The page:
In addition, the IRS’s own analysis of its compliance data indicates that the estimated error rate for Net PTC payments was 41 percent ($440 million). This analysis confirmed that Net PTC improper payments, as defined by the Office of Management and Budget, would likely exceed the improper payment reporting thresholds used for classification as a high risk.
Protecting Taxpayer Rights
TIGTA reported that the IRS must balance tax compliance activities against the rights of taxpayers to receive fair and equitable treatment. The IRS continues to dedicate significant resources and attention to complying with the taxpayer rights provisions of the IRS Restructuring and Reform Act of 1998. https://www.treasury.gov/tigta/management/management_fy2020.pdf
The IRS provides taxpayers with the Taxpayer Bill of Rights in many notices and in-person interviews to inform taxpayers about their rights with respect to examinations, appeals, collections, and refunds. Over the years, TIGTA has audited certain taxpayer rights provisions and reported that, in general, the IRS has improved its compliance with these statutory provisions and is documenting its protection of taxpayer rights. However, during the review of the IRS’s process to notify taxpayers of their rights when requesting an extension of the statute of limitations for assessing additional taxes and penalties, TIGTA found that some taxpayer audit files lacked documentation to support that employees followed the IRS’s internal procedures for further explaining the taxpayers’ rights to the taxpayers.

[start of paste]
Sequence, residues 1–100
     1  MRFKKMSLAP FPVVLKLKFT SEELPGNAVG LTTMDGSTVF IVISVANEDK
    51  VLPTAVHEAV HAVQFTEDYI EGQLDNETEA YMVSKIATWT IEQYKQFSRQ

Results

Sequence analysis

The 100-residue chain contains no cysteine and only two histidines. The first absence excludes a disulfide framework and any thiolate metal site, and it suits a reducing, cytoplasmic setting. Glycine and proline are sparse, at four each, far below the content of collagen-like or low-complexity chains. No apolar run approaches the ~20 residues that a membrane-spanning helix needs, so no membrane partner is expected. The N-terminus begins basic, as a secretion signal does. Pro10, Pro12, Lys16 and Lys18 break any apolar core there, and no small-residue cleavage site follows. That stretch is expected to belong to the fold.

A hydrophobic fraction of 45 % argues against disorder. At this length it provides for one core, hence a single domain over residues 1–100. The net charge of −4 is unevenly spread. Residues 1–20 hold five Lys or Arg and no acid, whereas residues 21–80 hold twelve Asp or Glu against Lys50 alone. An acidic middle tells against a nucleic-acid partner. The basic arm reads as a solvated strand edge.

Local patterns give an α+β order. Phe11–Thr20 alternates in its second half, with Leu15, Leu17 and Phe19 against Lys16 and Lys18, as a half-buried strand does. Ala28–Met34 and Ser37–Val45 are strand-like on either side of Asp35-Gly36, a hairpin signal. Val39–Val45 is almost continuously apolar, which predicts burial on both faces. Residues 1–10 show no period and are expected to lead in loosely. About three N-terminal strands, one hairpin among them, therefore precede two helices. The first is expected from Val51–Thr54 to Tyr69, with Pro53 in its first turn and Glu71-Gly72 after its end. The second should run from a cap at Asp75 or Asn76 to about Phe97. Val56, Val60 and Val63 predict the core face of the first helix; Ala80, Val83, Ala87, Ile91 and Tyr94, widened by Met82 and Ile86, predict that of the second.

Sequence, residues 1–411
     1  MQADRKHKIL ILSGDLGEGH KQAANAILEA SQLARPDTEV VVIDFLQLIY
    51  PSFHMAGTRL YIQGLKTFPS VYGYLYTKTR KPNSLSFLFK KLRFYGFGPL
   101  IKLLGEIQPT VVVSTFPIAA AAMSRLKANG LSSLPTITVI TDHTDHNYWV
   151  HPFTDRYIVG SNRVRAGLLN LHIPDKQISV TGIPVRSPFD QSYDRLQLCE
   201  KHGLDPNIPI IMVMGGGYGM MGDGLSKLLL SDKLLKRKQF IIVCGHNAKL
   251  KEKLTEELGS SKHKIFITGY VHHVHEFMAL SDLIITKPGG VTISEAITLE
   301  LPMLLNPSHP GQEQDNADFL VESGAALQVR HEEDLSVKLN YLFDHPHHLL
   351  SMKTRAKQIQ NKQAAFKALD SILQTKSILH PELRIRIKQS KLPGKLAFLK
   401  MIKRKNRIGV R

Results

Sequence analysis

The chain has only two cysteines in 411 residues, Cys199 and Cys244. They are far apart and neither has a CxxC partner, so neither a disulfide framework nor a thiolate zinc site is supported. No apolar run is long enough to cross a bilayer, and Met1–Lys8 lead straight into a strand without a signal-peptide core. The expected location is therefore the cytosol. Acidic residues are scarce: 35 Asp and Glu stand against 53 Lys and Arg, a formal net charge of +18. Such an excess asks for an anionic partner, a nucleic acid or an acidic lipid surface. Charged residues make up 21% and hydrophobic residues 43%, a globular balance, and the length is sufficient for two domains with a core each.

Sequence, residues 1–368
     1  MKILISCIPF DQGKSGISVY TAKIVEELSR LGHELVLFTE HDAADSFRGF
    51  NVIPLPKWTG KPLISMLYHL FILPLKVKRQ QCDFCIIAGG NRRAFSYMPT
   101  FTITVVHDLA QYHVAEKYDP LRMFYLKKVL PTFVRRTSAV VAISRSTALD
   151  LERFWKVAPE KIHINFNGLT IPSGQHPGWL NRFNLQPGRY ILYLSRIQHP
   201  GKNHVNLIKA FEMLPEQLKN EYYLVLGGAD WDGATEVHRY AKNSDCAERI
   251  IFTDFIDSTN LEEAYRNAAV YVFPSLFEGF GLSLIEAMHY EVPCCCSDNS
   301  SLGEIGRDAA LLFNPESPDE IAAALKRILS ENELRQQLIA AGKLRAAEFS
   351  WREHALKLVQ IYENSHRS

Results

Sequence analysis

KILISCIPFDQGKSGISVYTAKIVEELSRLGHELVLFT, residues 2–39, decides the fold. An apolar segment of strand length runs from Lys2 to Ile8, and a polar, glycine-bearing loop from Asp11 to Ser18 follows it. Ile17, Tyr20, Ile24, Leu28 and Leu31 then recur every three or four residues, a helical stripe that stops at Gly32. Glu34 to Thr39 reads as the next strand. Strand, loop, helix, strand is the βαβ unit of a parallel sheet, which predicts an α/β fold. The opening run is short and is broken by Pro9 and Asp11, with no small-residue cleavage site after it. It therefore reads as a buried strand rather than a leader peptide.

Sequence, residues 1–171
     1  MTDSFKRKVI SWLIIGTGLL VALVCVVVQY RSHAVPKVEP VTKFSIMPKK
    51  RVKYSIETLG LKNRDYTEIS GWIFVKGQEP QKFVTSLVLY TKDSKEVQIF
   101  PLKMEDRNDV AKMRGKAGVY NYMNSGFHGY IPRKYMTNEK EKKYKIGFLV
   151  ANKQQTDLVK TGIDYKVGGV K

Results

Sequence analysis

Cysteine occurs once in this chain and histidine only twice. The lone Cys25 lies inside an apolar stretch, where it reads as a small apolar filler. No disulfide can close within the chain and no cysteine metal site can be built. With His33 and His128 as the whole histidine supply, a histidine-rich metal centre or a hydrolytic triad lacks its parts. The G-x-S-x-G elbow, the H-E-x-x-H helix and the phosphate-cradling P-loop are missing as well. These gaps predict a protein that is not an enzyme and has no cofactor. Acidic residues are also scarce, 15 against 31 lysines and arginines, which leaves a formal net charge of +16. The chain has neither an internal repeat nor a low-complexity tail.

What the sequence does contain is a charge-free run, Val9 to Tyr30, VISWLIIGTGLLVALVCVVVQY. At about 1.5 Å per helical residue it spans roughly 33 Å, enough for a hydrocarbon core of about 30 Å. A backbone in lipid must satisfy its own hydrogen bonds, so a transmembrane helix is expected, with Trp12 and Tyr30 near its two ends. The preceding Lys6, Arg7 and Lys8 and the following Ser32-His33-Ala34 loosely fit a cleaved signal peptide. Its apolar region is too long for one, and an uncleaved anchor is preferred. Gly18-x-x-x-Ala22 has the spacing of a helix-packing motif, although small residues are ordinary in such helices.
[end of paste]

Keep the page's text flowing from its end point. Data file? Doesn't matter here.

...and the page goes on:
In addition, TIGTA’s review found instances in which the audit files lacked documentation to support that the IRS complied with procedures requiring the notification of a taxpayer’s representative when an authorization for third-party representation existed. During the review of the IRS Office of Appeals Collection Due Process Program, TIGTA determined from a statistical sample that the IRS did not always classify taxpayer requests properly, and as a result, some taxpayers received the wrong type of hearing. The IRS also did not timely process the hearing requests for some taxpayers and made errors relating to the determination of the Collection Statute Expiration Date (CSED) on taxpayer accounts. The CSED is the expiration of the time period established by law to collect taxes. From a statistically valid sample, TIGTA identified instances in which the IRS incorrectly extended the CSED, allowing the IRS additional time it should not have had to collect the delinquent taxes.